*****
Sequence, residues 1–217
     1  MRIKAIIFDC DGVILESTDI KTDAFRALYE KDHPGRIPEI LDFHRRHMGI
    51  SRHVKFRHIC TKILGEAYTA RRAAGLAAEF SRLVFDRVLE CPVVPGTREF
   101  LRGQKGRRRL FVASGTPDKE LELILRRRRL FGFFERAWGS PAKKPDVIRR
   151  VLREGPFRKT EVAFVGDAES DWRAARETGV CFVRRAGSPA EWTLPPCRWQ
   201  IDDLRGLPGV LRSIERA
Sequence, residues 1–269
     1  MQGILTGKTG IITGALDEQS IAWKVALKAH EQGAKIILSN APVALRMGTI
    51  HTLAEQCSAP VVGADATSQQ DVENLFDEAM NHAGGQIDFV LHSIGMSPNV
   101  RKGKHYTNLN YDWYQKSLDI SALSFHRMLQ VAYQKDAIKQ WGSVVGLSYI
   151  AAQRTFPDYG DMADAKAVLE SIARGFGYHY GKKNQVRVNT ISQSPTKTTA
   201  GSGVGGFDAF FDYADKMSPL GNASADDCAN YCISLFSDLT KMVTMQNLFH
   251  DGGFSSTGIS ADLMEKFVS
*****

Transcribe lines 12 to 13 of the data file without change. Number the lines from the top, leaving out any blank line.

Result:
   201  GSGVGGFDAF FDYADKMSPL GNASADDCAN YCISLFSDLT KMVTMQNLFH
   251  DGGFSSTGIS ADLMEKFVS